Before I begin this post, I'd like to offer a sincere apology. I've missed one or two posts now. I don't have any valid excuse, so it'd be pointless to explain my absence. I do hope you've been enjoying some of the excellent topics underway. Nicholas Sparks offered a wonderful opportunity to discuss an idea popular in our today's culture, artificual intelligence. This is what CBC is all about, engaging the culture.
Today, though, I'd like to offer a rather unpopular idea, even among Christians: tithing. Tithing is the means by which a person or family faithful to the Church offers up monetary or material support. The Old Testament under the Law of Moses stipulated the first 10 percent of a man's wealth (gross income in our lingo) be given to the local religious community. Via the liberation by Christ we are freed from this specific demand, but we are not dispensed from our obligation to monetarily give. From the excellent source, Catholic Answers:
"Although the Church teaches that offering some form of material support to the Church is obligatory for all Catholic adults who are able to do so, it doesn't specify what percent of one's income should be given....God doesn't demand a fixed amount of money from us; he wants us to give from the heart. If people are forced by their church to give a certain percent of their income, that's extortion. If they give freely and cheerfully the amount they are able, that's a gift." (http://www.catholic.com/quickquestions/what-is-the-churchs-position-on-tithing The author of this particular answer cites both 1 and 2 Corinthians for Biblical support. You can view the specifics yourself.)
Now, many of us, when we were little, got really excited when we were done with such long and boring petitions that our child-like energy were too much and we started itching for something to do. Mom would pull out of her purse some prearranged envelope we knew was full of money. We all thought it was hundreds and hundreds of dollars! Of course, we know better, but the happiness to just put that envelope in the old straw basket at the collection was overwhelming. Every brother scrambled for that week's ability to put in the donation. It was a prized and honored duty.
We ought to have that same level of joy when we give to the Church today. I've never fully appreciated the power of tithing before, especially as a college student whose blood pressure can rise purely upon seeing student debt. But a beloved dean and wife gave a powerful testimony a few weeks ago on how their commitment to giving lead to such great blessings. Always the skeptic, I decided to experiment for myself--Lent provided a good way to start.
I established this set of parameters: every Sunday I would offer all the singles available in my wallet. If the amount exceeded more $5.00 I'd stop there for prudence's sake. This, of course, is far below the OT 10 percent, but I thought it was a reasonable start. I have done this for every Sunday of Lent. Here are the results.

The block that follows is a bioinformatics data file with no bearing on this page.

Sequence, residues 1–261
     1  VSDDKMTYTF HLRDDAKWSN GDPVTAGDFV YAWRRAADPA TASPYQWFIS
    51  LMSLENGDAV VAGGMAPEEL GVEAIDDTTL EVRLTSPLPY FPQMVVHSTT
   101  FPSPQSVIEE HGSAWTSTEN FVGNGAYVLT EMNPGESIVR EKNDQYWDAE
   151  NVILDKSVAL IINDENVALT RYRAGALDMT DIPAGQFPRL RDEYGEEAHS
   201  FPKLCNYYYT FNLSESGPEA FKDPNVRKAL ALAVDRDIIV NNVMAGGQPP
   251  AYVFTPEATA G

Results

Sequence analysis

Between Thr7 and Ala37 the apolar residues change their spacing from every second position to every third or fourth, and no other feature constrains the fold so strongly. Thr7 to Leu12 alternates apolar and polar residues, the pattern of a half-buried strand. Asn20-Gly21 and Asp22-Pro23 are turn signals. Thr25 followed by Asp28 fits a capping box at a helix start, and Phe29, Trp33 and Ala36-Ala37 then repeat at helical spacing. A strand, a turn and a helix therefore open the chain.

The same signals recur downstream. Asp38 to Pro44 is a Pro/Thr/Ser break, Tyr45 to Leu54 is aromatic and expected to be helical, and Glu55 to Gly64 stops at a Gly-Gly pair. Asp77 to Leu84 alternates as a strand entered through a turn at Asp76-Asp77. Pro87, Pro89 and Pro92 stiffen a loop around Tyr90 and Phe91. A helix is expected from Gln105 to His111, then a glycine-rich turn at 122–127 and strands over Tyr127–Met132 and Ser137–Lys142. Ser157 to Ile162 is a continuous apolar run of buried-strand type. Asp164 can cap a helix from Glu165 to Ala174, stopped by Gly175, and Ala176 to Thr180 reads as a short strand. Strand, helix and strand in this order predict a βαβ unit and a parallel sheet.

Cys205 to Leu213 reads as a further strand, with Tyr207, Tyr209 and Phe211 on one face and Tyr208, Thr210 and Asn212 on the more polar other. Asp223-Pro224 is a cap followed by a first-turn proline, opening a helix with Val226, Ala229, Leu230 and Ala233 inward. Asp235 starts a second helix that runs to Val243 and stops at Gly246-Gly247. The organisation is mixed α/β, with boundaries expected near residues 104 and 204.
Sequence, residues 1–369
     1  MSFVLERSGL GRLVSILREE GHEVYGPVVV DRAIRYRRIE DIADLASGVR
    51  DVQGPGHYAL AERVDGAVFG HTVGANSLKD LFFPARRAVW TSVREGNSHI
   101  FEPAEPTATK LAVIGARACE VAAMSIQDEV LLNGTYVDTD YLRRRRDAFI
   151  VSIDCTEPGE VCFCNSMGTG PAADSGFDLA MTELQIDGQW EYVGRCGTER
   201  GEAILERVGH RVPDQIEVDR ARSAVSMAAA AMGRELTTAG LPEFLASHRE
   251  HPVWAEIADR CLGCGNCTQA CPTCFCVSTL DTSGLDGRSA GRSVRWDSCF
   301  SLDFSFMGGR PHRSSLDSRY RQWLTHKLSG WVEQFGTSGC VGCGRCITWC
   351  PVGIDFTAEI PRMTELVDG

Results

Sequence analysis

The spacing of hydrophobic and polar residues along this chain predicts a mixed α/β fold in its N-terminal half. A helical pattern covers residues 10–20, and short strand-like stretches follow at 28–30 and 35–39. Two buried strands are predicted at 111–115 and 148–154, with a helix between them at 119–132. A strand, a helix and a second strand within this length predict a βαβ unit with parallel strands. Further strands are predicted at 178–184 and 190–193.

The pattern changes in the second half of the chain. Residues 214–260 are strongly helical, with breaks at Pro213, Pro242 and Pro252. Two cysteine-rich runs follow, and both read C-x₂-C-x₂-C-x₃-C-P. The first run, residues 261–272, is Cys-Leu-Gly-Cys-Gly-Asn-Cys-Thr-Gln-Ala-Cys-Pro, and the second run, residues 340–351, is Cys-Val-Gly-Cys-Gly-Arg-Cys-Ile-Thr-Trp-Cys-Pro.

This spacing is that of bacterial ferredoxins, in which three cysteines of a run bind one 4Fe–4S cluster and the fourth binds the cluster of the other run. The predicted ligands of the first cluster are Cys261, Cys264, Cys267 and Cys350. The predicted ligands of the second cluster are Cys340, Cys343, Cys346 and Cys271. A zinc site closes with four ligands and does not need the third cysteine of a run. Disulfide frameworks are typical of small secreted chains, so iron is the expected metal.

This semester has required a bit of my budget to shrink. Not dangerously, I don't think, but enough to make me worry. After significant modification, I realized that without some aid, I would be limited in my summer employment; a political science major must sieze the opportunities that come to him, paid or not. But financial situations are often more immediately pressing that the offer of good albeit nonpaying internships. So, this was my difficulty.
Over spring break, I learned that I was eligible for nearly $600 dollars in tax refunds. On top of that, my most generous and blessed aunt signed a check of a significant amount and handed it right to me. I won't give details, of course, but it made me keep the check real close to me. The combined total was enough to keep me afloat for some time, and alleviate pressure.
I didn't realize the significance of what had happened until the following Sunday when I reached into my wallet to grab my tithe. I wondered, "When will I see the effects of my donati---" And like a bat to the face I was hit with the thought, "You're either ignorant or ungrateful, Stanton. The 'effects of your donations' have already taken place, idiot." I looked up to the statue of Christ and I smiled wryly, and I swear to God, I thought the blasted thing winked at me. God provided.
Bottom line is this: the dean and his wife were right. Giving to the Church regularly and often has its benefits. I was fortunate enough to see a material benefit. But I also experienced a spiritual one. It's not just that I felt good giving to the Church--I felt contributive to the mission of Christ, to the service of the poor, and all those things the Church must do. It's gratifying to know that, while not much, I've given what I could. I could do more, of course. The Church is in need of volunteers of all kinds, ranging from lectors to prison ministry. I'm happy to have the opportunity to do both and much more.
I ask that you consider, if you don't already, offering some small contribution to the weekly or even monthly collection. If you feel you can't do that, volunteer. If you can't do that, then serve the Church with your fervent prayers. We all know she could use those, too.